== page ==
by Kim E. Nielsen
Professor and author of The Radical Lives of Helen Keller (Volume 1 The Radical Lives of Helen Keller, Volume 2 The Radical Lives of Helen Keller) chronicles the role of people with disabilities in America. Discusses the concept of dependency, Native American beliefs, disabled war veterans, institutionalization, and civil rights activism. 2012.
Privacy BR 19640
by Garret Keizer
Author draws a connection between the widening gap of wealth and the shrinking of personal privacy. Defines privacy, discusses its worth, and describes the difference between alienation and the preference for a private life. 2012.
The Hard Way Around: The Passages of Joshua Slocum BR 19671
by Geoffrey Wolff
Biography of sailor and adventurer Joshua Slocum (1844–1908), the first man to circumnavigate the globe solo. Discusses his years at sea, beginning at age sixteen; his marriage to a woman who shared his love of the seafaring life; and his famous 1895 voyage and subsequent book. 2010.
Upon the Head of the Goat: A Childhood in Hungary, 1939–1944 BR 19673
by Aranka Siegal
Memoir of Jewish author who, at age nine, was trapped in the Ukraine at the outbreak of World War II. Recounts her return to Hungary and her family's forced move to an Auschwitz ghetto. Some strong language. For junior and senior high and older readers. Newbery Honor. 1981.
Plessy v. Ferguson: Civil Rights Movement BR 19683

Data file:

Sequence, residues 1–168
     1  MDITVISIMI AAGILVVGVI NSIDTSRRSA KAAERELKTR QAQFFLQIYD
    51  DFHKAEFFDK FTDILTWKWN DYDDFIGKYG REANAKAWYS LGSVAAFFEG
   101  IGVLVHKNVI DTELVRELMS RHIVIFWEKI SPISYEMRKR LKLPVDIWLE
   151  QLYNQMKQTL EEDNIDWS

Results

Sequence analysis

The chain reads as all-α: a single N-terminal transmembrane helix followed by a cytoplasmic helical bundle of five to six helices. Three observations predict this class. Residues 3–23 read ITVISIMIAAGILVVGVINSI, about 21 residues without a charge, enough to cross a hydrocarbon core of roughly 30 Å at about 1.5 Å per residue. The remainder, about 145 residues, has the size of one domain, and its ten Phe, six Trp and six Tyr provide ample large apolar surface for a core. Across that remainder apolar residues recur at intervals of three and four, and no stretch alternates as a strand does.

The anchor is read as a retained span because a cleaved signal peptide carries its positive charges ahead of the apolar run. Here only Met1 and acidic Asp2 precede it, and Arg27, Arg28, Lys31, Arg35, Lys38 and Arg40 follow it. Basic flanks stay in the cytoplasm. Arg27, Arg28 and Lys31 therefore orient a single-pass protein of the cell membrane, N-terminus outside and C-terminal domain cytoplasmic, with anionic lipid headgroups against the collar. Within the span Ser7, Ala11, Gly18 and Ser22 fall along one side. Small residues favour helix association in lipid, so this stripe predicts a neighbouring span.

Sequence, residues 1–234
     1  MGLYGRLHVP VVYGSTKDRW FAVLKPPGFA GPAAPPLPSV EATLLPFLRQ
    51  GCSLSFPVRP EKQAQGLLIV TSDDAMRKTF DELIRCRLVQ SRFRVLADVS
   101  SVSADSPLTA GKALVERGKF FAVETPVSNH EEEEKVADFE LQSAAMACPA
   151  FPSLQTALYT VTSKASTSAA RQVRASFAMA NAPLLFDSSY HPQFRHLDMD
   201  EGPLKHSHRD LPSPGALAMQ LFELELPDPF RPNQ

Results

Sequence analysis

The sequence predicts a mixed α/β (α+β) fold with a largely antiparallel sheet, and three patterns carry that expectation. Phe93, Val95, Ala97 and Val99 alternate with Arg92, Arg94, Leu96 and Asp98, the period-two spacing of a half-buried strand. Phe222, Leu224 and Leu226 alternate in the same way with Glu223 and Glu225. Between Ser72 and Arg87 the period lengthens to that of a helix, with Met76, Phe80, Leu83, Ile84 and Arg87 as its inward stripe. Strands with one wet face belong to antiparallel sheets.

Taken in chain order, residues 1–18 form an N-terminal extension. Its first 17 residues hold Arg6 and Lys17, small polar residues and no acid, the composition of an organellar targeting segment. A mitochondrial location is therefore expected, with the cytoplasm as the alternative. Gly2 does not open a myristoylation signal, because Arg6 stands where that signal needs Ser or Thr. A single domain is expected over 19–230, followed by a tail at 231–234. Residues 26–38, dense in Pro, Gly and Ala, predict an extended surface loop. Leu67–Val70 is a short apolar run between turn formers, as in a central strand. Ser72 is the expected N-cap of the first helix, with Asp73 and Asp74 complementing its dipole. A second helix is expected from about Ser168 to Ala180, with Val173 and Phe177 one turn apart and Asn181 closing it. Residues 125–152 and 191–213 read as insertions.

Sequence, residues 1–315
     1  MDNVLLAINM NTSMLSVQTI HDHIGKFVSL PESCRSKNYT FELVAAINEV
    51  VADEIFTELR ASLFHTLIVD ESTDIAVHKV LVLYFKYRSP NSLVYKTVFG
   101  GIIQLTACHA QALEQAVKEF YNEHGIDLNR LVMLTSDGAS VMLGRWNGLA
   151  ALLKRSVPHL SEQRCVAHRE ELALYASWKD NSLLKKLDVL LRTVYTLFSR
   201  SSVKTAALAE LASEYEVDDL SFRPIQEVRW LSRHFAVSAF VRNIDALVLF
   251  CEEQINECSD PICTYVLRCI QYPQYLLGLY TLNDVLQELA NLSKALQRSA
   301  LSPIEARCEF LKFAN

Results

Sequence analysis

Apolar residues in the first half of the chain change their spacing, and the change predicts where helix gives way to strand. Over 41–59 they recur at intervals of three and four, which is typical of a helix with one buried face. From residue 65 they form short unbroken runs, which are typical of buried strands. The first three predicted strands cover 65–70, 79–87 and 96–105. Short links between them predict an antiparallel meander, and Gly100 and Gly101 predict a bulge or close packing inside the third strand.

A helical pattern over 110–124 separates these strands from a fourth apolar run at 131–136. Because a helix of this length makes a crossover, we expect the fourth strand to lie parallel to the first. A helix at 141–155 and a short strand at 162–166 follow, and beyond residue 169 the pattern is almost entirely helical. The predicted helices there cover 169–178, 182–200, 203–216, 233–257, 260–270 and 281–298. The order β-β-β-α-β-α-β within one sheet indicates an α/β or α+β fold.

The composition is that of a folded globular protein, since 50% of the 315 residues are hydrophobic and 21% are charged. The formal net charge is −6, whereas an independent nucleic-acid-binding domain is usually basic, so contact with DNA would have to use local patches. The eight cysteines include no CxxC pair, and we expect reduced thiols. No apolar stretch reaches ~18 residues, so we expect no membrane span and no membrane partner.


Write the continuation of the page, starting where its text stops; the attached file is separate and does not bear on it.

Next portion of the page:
by Amos Esty
Author describes Homer Plessy's 1892 challenge of the Separate Car Act by boarding a first-class train car reserved for whites only. Covers the effort to fight the laws supporting segregation and the Supreme Court ruling to uphold the act. For junior and senior high readers. 2012.
Battle of the Dinosaur Bones: Othniel Charles Marsh vs. Edward Drinker Cope BR 19700
by Rebecca L. Johnson
Recounts the rivalry between paleontologists Edward Drinker Cope (1840–1897) and Othniel Charles Marsh (1831–1899). Discusses their ambitions, major scientific discoveries, and errors they made—such as incorrectly reconstructing bones—in their rush for fame. For junior and senior high and older readers. 2012.
More Baths Less Talking BR 19741
by Nick Hornby
Compilation of fifteen pieces by the British author previously published in the Believer magazine. Each essay delves into Hornby's thoughts on and reactions to the books he has bought and read during a specific month. Covers May 2010–December 2011. Uncontracted braille. 2012.
A Little History of Science BR 19781
by William Bynum
University College London professor provides an explanation of the development of scientific thought and practice from the ancient cultures of Babylonia and Egypt to the digital age of the early-twenty-first century. Topics include matter, medicine, the solar system, and DNA. 2012.
Soul Surfer: A True Story of Faith, Family, and Fighting to Get Back on the Board BR 19783
by Bethany Hamilton
Autobiography of a Hawaiian junior-champion surfer who lost an arm in a shark attack when she was thirteen. Describes her home life and Christian upbringing. Relates Hamilton's experiences of consulting a blind psychologist about her disability and her relearning the sport. For senior high and older readers. 2004.